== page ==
Saturday, July 9, 2011

Life of Cannonball Jellyfish

 
Life of Sea | Cannonball Jellyfish (Stomolophus meleagris) Cannonball jellyfish is also known as the Cabbage head jellyfish or Jelly Balls. Its common name is derived from the resemblance to a cannon ball in shape and size.  Cannonball jellyfish are found in estuarine and salt water.  Cannonball jellyfish were reported from New England to Brazil in the western Atlantic, from southern California to Ecuador in the eastern Pacific Ocean, the Sea of ​​Japan to the South China Sea in the western Pacific. They are one of the most common scyphomedusae along the southeastern and Gulf coasts of the United States.

Scientific classification
Kingdom:     Animalia
Phylum:     Cnidaria
Class:     Scyphozoa
Order:     Rhizostomae
Family:     Stomolophidae
Genus:     Stomolophus
Species:     S. meleagris

Cannonball jellyfish can have milky brown to yellow in color and looks like a large half-egg shaped mushroom. It differs from most other jellyfish by having a more muscular body and the fact that it was a good swimmer. Hemisperical the bell reaches 20 to 25 cm (8 to 10 inches) wide and lined with brown pigment. He has short, excellent oral arms with secondary mouth folds (scapulets) at the base of the bell is covered with mucus to catch small prey. Stomolophus meleagris meaning "many mouths hunter". The slime is also considered a response to the disruption rather than breast feeding.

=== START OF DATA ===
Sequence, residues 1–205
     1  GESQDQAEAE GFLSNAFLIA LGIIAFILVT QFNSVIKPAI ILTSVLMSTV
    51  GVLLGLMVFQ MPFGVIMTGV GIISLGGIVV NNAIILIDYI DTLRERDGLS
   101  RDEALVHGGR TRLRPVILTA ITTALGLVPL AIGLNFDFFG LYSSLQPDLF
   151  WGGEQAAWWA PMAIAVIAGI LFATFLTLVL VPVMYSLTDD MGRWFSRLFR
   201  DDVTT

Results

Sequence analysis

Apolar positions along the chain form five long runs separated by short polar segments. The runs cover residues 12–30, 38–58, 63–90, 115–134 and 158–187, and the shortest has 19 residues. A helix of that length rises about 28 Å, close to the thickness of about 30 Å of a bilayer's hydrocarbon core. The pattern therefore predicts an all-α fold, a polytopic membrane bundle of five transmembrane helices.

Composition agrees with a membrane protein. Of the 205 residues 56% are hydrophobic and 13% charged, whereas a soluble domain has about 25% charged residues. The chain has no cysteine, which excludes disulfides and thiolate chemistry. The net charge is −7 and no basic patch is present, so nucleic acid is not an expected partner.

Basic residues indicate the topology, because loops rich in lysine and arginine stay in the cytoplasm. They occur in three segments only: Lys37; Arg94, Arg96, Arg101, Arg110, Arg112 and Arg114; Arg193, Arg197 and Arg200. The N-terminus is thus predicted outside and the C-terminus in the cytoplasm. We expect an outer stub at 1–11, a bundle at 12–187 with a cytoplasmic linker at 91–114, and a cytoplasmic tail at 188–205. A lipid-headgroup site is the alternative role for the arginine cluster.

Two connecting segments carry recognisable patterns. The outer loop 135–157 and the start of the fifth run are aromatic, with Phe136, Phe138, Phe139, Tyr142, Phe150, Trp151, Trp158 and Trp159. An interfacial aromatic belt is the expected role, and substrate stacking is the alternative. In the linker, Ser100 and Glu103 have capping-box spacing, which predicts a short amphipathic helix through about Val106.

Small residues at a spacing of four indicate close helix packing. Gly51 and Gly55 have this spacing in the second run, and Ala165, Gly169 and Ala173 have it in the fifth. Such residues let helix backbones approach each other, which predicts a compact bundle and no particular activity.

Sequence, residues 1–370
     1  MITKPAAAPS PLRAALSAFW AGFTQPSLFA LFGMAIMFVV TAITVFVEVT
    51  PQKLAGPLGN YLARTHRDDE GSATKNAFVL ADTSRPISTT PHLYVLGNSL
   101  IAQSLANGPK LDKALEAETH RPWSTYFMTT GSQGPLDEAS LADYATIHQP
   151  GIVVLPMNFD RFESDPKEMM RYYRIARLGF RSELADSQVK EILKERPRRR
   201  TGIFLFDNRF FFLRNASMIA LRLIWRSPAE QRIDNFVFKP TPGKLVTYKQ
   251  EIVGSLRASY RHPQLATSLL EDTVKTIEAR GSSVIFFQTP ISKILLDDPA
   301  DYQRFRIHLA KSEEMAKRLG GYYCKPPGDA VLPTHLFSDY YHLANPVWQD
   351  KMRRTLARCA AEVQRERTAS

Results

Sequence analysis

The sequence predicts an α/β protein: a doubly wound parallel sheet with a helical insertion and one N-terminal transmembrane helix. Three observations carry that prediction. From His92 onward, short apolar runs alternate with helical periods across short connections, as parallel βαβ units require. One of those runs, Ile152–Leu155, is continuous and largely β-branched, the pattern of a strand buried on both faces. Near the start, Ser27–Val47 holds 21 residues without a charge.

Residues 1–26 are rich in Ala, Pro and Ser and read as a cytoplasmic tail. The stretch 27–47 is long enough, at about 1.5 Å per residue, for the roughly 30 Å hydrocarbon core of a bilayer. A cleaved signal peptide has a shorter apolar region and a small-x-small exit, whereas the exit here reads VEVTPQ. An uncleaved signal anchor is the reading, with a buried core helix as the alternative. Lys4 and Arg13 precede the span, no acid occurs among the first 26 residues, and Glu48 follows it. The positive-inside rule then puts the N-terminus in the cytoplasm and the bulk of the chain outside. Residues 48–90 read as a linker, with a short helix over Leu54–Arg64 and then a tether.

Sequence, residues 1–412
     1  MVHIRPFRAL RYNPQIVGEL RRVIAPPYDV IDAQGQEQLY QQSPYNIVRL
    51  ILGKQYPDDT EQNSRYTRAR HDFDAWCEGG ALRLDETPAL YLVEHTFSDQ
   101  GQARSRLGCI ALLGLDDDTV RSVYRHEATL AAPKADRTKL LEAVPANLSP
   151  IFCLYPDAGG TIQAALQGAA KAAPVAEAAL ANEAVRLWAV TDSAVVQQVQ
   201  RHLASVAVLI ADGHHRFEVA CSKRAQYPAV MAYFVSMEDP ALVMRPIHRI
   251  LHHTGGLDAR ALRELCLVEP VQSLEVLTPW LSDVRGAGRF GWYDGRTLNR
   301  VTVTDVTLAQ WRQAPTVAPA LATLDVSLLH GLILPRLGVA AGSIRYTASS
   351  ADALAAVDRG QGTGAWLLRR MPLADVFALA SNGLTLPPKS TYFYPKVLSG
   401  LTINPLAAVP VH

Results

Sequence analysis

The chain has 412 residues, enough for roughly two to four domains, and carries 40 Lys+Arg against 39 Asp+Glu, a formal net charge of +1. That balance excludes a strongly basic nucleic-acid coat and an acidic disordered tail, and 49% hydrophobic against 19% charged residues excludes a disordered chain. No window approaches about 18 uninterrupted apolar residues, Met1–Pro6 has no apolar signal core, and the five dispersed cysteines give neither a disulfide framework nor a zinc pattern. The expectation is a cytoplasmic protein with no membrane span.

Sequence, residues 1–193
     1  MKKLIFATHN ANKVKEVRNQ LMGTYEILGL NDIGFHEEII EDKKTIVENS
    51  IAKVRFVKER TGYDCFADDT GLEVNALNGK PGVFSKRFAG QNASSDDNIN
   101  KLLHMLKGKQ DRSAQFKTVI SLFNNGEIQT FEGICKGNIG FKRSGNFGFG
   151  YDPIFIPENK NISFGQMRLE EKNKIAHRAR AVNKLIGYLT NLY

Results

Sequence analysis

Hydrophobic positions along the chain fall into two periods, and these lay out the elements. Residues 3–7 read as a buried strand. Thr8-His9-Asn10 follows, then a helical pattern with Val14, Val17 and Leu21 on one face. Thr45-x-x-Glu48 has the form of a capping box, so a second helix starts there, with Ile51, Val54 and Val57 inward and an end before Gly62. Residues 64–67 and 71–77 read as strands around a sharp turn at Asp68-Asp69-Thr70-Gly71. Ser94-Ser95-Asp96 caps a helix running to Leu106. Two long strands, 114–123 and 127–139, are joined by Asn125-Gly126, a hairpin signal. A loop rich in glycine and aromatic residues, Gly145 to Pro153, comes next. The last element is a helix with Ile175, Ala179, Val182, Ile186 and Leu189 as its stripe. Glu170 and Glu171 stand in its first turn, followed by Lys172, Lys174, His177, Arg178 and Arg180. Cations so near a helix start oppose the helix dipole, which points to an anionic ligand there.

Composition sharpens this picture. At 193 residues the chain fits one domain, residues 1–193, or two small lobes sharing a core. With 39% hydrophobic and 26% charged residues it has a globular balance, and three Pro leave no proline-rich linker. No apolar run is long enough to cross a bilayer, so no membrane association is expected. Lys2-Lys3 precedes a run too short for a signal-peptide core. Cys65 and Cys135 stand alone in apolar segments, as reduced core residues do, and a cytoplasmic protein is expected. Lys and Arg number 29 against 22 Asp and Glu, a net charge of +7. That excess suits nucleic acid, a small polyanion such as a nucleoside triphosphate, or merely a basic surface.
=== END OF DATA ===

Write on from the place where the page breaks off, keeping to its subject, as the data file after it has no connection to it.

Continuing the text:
Cannonball jellyfish feed on plankton, such as veligers, and all kinds of red drum larvae. They have a symbiotic relationship with the regular spider crab, which also eat small zooplankton. The crab feeds on the prey captured by the cannonball and the medusae of the jellyfish. Cannon balls are an important food source for leatherbacks, so preserving the  Cannonball jellyfish is important for the survival of the leatherback turtles.  Cannonball jellyfish are commercially harvested as food for humans.

These jellyfish are quite interesting to watch, looking somewhat like a mushroom floating in the water. There are even some people who jellyfish in their own fish tanks at home and keep them as pets or office pets. But, when disturbed the Cannonball jellyfish secretes a mucus from his nematocyst contains a toxin. The toxin damages small fish in the vicinity, and drives away most predators, except for certain species of crabs. Although not often Cannonball jellyfish stabbing people, it still has toxins that can cause cardiac problems in animals and humans. The toxin causes an irregular heart rhythm problems in the myocardium and conduction pathways. Such complications are also associated with other toxins of coelenterates. The toxin is also harmful to the eyes when the nematocyst into contact with the eyes is very painful and is followed by redness and swelling.

There are beings who prey on the  Cannonball jellyfish. One of these creatures is the endangered Leatherback turtle bark that feed on the  Cannonball jellyfish from April to early summer when migrating from the Caribbean to the north head. Another predator of the Cannonball jellyfish is human. We commercial harvesting of these jellyfish as a food source in many restaurants, especially in the Asian region. It is the high nutritional and protein content of these jellyfish that makes it such a good source of food especially in the poorer areas where little protein availability in the diet is a common problem. The jellyfish is eaten as a delicacy in Japan and has also played an important role in traditional Asian medicines for thousands of years and continue to do so.

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1 komentar

Aleksei Molodtcov January 30, 2016 at 5:11 PM

Good info. Me like. If you wanna know more aboutLife cycle of Jellyfish,please Welcome!

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